Research Article: Adverse stroke outcomes among patients with bipolar disorder

Date Published: March 4, 2019

Publisher: Public Library of Science

Author(s): Pao-Huan Chen, Yi-Wei Kao, Ben-Chang Shia, Herng-Ching Lin, Jiunn-Horng Kang, Simona Sacco.

http://doi.org/10.1371/journal.pone.0213072

Abstract

Failure to deliver the standard stroke care is suspected to be a potential reason for disproportionately high mortality among patients with co-morbid bipolar disorder (BD). Few studies have explored adverse outcomes and medical care costs concurrently (as a proxy for care intensity) among patients with BD admitted for stroke. Data for this nationwide population-based study were extracted from the Taiwan National Health Insurance Research Database, on 580 patients with BD hospitalized for stroke (the study group) and a comparison group consisting of randomly selected 1740 stroke patients without BD matched by propensity scores. Conditional logistic regression was used to estimate odds ratios (OR) for adverse in-hospital outcomes between study group and comparison group. We found that stroke patients with BD had significantly lower in-hospital mortality (3.28% vs. 5.63%), acute respiratory failure (2.59% vs. 5.57%), and use of mechanical ventilation (6.55% vs. 10.23%) than the comparison group. After adjusting for geographical location, urbanization level, monthly income, hypertension, diabetes, hyperlipidemia, and coronary heart disease, the odds of in-hospital mortality, acute respiratory failure, and use of mechanical ventilation in the BD group were 0.56 (95% CI: 0.34–0.92), 0.46 (95% CI: 0.26–0.80), and 0.63 (95% CI: 0.44–0.91), respectively. No differences were found in hospitalization costs and the length of hospital stay. With comparable hospitalization costs and length of hospital stay, we concluded that stroke patients with BD had lower in-hospital mortality and serious adverse events compared to stroke patients without BD.

Partial Text

Bipolar disorder (BD) is a serious mental illness causing a high degree of medical burden during the course of illness and with the aging process [1]. Notably, patients with BD are documented to have 2 to 4 times higher mortality and at least a 10-year reduction in life expectancy compared to the general population [1,2]. Furthermore, evidence suggests that the mortality gap has widened in recent decades [3]. Among the medical causes of excessive and premature mortality deaths among BD patients, cardiovascular diseases are recognized as the leading cause, reported in both Western and Eastern studies [4–7].

Table 1 shows the demographic characteristics and comorbidities of the study group and comparison group. Given the use of propensity-score matching, the two groups were similar on most characteristics: mean ages of the study group and comparison group were 62.3±14.8 and 62.0±14.7 years, respectively (p = 0.63), with no difference in sex, urbanization level, hypertension, hyperlipidemia, diabetes, and coronary heart disease distribution. However, the groups differed on geographic region (p = 0.007) and monthly income (p = 0.03). Furthermore, of the 580 patient with BD, 26.8%, 24.0%, 16.5%, 13.8% and 18.9% were diagnosed with bipolar affective disorder, depressed (ICD-9-CM code 296.5), bipolar affective disorder, manic (ICD-9-CM code 296.4), bipolar affective disorder, mixed (ICD-9-CM code 296.6) manic-depressive psychosis, unspecified (ICD-9-CM code 296.80) and others (ICD-9-CM codes 296.0, 296.7 or 296.89), respectively.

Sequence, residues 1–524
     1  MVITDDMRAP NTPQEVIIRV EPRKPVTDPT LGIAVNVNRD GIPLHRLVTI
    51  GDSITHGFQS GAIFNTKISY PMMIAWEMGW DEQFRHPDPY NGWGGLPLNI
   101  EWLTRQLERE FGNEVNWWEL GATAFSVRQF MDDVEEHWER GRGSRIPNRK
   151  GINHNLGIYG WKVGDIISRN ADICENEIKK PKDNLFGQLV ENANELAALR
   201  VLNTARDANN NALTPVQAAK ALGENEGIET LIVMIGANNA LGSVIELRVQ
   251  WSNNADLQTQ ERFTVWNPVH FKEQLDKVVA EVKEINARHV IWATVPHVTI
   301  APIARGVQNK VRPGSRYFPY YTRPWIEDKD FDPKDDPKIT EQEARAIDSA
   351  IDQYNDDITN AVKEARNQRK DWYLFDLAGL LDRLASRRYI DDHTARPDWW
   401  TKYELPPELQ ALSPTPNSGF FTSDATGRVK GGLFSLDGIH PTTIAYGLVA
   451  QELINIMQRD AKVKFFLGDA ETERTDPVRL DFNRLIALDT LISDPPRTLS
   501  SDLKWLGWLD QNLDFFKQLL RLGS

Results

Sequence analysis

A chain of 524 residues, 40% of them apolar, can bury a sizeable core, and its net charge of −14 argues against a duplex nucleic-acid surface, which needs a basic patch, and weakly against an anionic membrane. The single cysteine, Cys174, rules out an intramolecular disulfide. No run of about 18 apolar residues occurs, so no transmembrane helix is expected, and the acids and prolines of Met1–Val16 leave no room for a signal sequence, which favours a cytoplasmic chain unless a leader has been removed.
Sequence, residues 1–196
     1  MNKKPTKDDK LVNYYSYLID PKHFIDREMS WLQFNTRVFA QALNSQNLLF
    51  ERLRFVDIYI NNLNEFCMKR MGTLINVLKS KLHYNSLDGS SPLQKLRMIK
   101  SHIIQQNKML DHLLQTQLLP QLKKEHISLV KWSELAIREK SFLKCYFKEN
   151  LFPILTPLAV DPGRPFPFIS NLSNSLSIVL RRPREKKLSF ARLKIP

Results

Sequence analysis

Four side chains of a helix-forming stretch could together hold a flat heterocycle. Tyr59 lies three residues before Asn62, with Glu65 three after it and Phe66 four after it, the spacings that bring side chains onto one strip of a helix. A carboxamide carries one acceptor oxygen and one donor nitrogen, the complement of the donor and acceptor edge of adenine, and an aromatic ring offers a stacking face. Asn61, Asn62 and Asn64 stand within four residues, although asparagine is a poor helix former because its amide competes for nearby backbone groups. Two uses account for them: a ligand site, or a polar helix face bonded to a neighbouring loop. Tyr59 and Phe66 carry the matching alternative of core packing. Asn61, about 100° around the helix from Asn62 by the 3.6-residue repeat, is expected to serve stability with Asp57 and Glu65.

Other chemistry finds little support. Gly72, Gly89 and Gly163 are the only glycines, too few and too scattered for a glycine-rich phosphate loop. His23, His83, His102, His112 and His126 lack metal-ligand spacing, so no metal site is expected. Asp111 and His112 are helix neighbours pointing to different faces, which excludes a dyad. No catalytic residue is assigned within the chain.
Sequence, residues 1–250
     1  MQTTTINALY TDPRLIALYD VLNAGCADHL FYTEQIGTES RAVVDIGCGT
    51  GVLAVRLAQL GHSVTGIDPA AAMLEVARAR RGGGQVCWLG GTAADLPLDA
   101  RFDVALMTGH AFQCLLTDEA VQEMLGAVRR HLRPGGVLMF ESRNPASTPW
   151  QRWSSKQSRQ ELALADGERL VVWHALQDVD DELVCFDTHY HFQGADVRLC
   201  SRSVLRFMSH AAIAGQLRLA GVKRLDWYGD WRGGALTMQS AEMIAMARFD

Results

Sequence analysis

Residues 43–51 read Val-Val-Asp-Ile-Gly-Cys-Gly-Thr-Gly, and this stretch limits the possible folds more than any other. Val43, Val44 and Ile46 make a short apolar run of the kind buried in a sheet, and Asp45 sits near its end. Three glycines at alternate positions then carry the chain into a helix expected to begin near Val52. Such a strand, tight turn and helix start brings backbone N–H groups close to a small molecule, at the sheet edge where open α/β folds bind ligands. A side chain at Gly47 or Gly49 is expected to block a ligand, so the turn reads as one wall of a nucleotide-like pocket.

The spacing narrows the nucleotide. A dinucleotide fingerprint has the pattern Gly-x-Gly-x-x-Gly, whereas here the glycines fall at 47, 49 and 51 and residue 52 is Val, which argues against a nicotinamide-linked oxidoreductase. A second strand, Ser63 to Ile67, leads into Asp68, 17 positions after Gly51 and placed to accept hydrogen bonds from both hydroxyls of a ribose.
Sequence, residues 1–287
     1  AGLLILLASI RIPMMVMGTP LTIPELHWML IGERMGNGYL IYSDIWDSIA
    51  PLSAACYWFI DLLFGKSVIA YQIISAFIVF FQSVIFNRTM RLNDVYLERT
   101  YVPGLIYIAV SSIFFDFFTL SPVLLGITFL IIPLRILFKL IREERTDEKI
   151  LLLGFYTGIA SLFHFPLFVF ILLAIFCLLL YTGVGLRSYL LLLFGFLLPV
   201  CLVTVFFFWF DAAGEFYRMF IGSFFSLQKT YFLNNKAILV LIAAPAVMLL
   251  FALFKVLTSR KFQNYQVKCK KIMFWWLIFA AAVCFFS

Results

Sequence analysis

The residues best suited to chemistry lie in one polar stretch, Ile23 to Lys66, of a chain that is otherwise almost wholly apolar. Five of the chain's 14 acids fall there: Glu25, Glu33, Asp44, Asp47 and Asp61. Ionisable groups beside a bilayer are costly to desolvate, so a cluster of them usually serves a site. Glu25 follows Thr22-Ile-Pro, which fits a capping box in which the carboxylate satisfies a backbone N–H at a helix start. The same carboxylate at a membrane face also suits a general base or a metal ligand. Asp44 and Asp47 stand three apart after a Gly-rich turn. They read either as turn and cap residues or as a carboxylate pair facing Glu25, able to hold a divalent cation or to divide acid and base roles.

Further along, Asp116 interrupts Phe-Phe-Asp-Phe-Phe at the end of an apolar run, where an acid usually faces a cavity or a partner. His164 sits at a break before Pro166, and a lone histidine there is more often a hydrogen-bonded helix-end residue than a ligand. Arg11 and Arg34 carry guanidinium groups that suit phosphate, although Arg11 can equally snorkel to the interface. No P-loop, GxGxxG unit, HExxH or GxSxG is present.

The present study may be the first to investigate in-hospital mortality and adverse event rates in stroke patients with BD. With comparable total hospitalization costs and length of stay, we found that stroke patients with BD actually had lower rates of in-hospital mortality, acute respiratory failure, and mechanical ventilation use than comparison patients without BD. On previous study had shown that the annual hospitalization cost of patients with BD for non-psychiatric causes was higher than patients without BD in Taiwan [15]. However, prior studies also revealed that admission rates for stroke among patients with BD were similar to those of the general population despite their higher risk of suffering a stroke [15, 21]. Taken together, the previous research findings suggest that the poor outcomes of stroke in patients with BD may result from the inadequate stroke care. In the present study, we have observed that, with the comparable hospitalization costs and length of hospital stay, stroke patients with BD had lower in-hospital mortality and serious adverse events compared to stroke patients without BD. The results suggest that the high mortality rates of stroke among patients with BD may possibly be reduced by optimal stroke care. Therefore, further studies utilizing the database from other health care systems are warranted to validate our present observations.

 

Source:

http://doi.org/10.1371/journal.pone.0213072

 

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